Title : Citrus Nursery Production
Visit Count : 1220 Time(s)
Upload Date : 6/1/2016 - 2 Year(s) ago
Category : agricultural technical notes
Wednesday, June 1, 2016
Visit Count : 1220 Time(s)
Upload Date : 6/1/2016 - 2 Year(s) ago
Category : agricultural technical notes
Citrus can be adversely affected by a number of virus diseases, many of which can be transmitted during budding. Many old-line selections of citrus have exocortis, xyloporosis and possibly other viruses. Moreover, a number of citrus trees in urban areas, have been illegally imported from other states. Random testing over the last several years has identified a significant incidence of citrus tristeza virus among these trees. Major objectives of this program are 1) to establish a foundation block of disease-free trees of all major commercial and non-commercial varieties of citrus grown in Texas, 2) to maintain a rigorous program of testing and retesting of foundation trees to assure continued freedom from disease, 3) to evaluate the horticultural characteristics of foundation trees to assure trueness-to-type and 4) to develop and maintain increase blocks for the production and sale of certified budwood for the production of disease-free citrus nursery trees.
Major advantages of container production include:
1. Smaller land area required, no need to change sites; 2. Growing in greenhouses/shadehouses provides climate control; 3. Sterile growing medium eliminates soil-borne diseases, insects, nematodes and weeds; 4. Production time of 15 to 18 months from seed, as compared to 24 to 30 months common to field nurseries; 5. Reduction of transplant shock because of transplanting entire plant with undisturbed root system.
Major disadvantages of container production include:
1. High initial capital investment for growing structures and climate control facilities and equipment; 2. Intensive management requirements; 3. Smaller caliper trees -3/8- to 1/2- inch rather than 5/8- to 3/4-inch; 4. Partial removal of medium necessary at transplanting; 5.More frequent irrigation during orchard establishment.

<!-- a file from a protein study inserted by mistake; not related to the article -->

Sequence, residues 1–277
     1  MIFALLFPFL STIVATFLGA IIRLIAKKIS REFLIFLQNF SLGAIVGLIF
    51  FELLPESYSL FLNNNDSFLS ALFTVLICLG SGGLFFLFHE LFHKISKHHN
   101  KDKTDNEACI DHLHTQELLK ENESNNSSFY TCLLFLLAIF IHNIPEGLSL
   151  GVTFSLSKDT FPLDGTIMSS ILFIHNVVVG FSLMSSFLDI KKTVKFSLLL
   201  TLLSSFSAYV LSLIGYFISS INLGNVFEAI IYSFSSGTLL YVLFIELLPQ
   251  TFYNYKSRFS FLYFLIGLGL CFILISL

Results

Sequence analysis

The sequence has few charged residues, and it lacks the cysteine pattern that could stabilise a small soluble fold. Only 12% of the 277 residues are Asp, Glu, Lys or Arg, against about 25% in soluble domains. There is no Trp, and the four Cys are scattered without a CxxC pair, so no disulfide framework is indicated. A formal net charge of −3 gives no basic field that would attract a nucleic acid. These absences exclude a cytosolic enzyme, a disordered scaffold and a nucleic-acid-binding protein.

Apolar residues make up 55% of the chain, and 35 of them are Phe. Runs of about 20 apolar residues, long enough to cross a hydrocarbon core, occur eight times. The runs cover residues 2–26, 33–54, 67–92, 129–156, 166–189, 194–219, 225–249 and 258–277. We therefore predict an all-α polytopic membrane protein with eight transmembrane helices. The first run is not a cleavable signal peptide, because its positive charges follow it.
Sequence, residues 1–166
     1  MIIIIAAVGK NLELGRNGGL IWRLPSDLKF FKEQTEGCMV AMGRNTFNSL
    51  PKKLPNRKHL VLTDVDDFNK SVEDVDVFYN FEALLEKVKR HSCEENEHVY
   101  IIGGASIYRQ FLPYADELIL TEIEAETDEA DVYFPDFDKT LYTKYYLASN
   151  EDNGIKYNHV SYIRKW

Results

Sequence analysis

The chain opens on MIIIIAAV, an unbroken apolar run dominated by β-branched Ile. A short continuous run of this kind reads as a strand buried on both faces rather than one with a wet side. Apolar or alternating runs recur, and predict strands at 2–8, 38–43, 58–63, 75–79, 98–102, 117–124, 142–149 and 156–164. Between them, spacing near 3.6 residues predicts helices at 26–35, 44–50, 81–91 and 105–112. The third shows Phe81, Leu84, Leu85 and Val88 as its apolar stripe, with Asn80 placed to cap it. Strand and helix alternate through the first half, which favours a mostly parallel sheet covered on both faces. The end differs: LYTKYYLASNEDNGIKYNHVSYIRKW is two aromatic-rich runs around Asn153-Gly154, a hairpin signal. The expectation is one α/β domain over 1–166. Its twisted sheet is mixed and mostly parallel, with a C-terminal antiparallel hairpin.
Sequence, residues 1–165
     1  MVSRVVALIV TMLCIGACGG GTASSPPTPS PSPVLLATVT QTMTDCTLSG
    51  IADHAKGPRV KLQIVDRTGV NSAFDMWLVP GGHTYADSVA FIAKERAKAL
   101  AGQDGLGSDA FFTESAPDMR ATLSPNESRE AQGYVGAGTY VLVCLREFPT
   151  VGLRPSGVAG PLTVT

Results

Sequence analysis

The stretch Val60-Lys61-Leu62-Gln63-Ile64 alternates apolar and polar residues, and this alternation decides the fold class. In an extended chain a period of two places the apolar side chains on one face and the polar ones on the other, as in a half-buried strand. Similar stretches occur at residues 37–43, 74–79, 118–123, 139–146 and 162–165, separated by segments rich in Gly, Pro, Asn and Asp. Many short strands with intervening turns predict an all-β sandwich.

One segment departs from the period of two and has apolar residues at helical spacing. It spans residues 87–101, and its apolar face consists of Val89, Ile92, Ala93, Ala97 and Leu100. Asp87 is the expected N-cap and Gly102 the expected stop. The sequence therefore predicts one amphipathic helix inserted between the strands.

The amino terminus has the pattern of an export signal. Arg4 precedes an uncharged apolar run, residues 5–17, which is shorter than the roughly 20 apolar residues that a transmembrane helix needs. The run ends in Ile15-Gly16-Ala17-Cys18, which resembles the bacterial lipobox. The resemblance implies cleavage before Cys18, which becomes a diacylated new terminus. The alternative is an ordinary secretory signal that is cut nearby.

Sanitation
The use of virus-free propagation material requires sterilization of propagation tools. Sterilization of pruning shears and budding knives can be easily accomplished by cleaning the tools throughly with warm, soapy water, then spraying them with a 10-percent solution of chlorine bleach (one part bleach to nine parts water). A small spray bottle of the bleach solution is especially handy for periodic re-treatment of propagation tools during nursery operations.
Rootstock Production
As a general rule of thumb, most nurseries plant about twice as many rootstock seed as the ultimate number of budded trees that are expected to be produced, as total losses through the entire production process can account for about half. Initial losses are those seed which fail to germinate, as well as those that die before reaching liner size. The major loss occurs in the culling process of liner selection. Other losses include liners that die, budding failures and budling death or budlings which simply do not grow normally.
Seed. It is common practice to collect rootstock seed from fruit produced on root sprouts in existing orchards. However, it is recommended that seeds be purchased from certified sources or that nurserymen establish and maintain trees for rootstock seed production to assure uniformity of rootstocks year after year. Washed seed should be surface-sterilized in hot water maintained at 125o F for 10 minutes, then dipped in one percent 8-hydroxyquinoline sulfate, air dried and packaged for storage or planting. Properly treated and packaged in sealed plastic bags, seed can be stored in a refrigerator for several months with little loss in viability. Pre-plant soaking in aerated water maintained at 85o F for 24 hours will increase total germination, uniformity of germination and will shorten germination time. Germination and initial seedling growth in greenhouses can be further enhanced by using seedboxes designed and built to provide supplemental bottom heat to maintain constant 85o F temperature of the medium, supplemental lighting to provide 16 hours of light daily and use of polyethylene covering to maintain high relative humidity.